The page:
Ryan O’Shaughnessy: So I did. Again, like I said, my dad and my stepmother have been in the safari industry gosh for as long as I can remember. And I can remember as a child in Botswana back then we were able to get what they would call ration permits to be able to shoot game for camp meat. Because some of these places were so remote, there was no ways that you would be able to get into the store and back.

And we would drive around and you’d shoot a buffalo or a kudu for camp meat. But funny as far back as I can remember, we’re chasing guinea fowl, and franklin, and game birds was always what I preferred to do. So yeah, I grew up doing it, shooting game birds in Africa.

But it wasn’t until I moved over here where I really got that exposure to gosh, to all the equipment and the tactics, and the resources including dogs that we have here in the U.S. I think wing shooting is probably Africa’s best kept secret.

Some of the areas that I would go hunting, you never saw another person hunting game birds out there. Then gosh, just off the top of my head I think on any given day during the season, you would have a chance that somewhere between 12 and 15, 16 different species.

Hank Shaw: Crazy all the-

Ryan O’Shaughnessy: Oh yeah. So that I think really nurtured my love for game birds. I had a couple of dogs over there, but again, like I say, the resources available to you are somewhat limited. So it wasn’t until I moved over here to the U.S. about 11 years ago where I realized, “Holy cow this whole gun dog world is a world unto itself.” And so now I’m sitting here and I’ve got 16 dogs in my kennel now so-

Hank Shaw: Oh my God. That’s a lot of dogs; I imagine they’re all different ages too.

Ryan O’Shaughnessy: They are, they are. Gosh they range … Right now I’m trying to think what we’ve got from eight months to about eight and a half years in our kennel right now.

Hank Shaw: I guess you have to retire the old ones too?

Ryan O’Shaughnessy: Yep. Yeah, one of them we’ve just retired, she’s our only Weimaraner, she’s the old girl in the kennel; so she’s retired. She’s actually moved inside the house right now, so she’s loving life. Hank Shaw:

I bet. We’re going to get into dogs a little bit but … So yeah actually it’s funny you talked about that. I’ve got a colleague of mine who’s a taxidermist in Cape Town.

Ryan O’Shaughnessy: Yeah.

Hank Shaw: And he has invited me to hunt ducks and upland birds in South Africa. And it’s funny, I talked to Holly all the time like, “You know what? I’m not really a big safari guy right? But I would totally go to Africa to chase rabbits, and squirrels, and game birds.

I’m a kind of a small game junkie. And I see … It’s funny, you watch the TV shows and taking pictures of lions, and giraffes, and that kind of thing and I’m always looking at the birds in the background.

Ryan O’Shaughnessy: Yep, as am I, Hank. So we’re cut from the same cloth.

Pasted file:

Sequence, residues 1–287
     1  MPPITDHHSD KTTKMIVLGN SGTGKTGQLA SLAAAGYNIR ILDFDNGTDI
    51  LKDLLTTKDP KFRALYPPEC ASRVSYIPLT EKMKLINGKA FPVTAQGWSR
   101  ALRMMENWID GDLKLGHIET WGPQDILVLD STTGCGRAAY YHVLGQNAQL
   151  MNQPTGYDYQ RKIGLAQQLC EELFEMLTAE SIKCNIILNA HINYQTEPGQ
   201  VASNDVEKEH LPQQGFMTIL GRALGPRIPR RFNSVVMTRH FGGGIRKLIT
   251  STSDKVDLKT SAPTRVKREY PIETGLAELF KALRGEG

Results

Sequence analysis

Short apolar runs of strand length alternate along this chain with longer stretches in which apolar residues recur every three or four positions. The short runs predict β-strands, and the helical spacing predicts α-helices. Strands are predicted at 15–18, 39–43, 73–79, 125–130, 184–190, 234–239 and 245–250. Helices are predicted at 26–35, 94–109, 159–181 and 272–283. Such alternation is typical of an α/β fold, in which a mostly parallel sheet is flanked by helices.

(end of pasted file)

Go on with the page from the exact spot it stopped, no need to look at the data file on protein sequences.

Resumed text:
Hank Shaw: Oh be like, “Hey, there’s Egyptian geese in the background of that picture.”

Ryan O’Shaughnessy: Even driving around here, the buddies of mine, they get all excited when they see a nice big mule deer, but I get excited when I see a cubby of quail flashing.

Hank Shaw: Right. It’s super cool, so I will preface this conversation by saying that of all the quail species … I have shot all of the quail species in North America. But of all of them that I’ve hunted, I know the least about scaled quail. So my one and only experience with blues or scales is in South Texas near McAllen where, basically, I was a guest on a guy’s ranch and we were hunting all kinds of things.

And he happened to have scaled quail on his ground, and like, “Well, I’ve never shot a scaled quail.” So it wasn’t exactly the most dramatic hunt in the world. It was I went out with my … I shoot a 20 gauge over/under. And I went just out walking around among the cactus in the tall grass, and then a bunch flushed, and I shot two, and came home and had lunch.

Ryan O’Shaughnessy: Nice.

Hank Shaw: So I really want to get into it, but I know they’re a different bird. They’re kind of a grass bird versus a … Well you explain it to me. So what’s scaled quail habitat versus, say, bobwhites on the east or say Gamble’s or Mearns quail on the west?

Ryan O’Shaughnessy: Sure.

Hank Shaw: So they’re kind of the in-between bird.

Ryan O’Shaughnessy: Yeah so your scale the quail, I’m sure you noticed when you were chasing them in the cactus, their first and primary mode of escape from predators is to run.

Hank Shaw: Mm-hmm (affirmative).

Ryan O’Shaughnessy: And so because of that, they tend to prefer that more open country where visibility around them is really good. So they’re looking for areas that are maybe 50 to 60% open cover where they can see predators coming and they can run off if they need to.

Now that’s not to say that they don’t need cover, because they certainly do and they’ll duck into it to get away from predators like hawks, and coyotes, and bobcats, and they certainly need that cover to roost in at night. But you’re not going to find them in that really, really thick stuff that you can find your bobwhite in down in South Texas when your dog runs off 20 yards and you can’t see the dog anymore.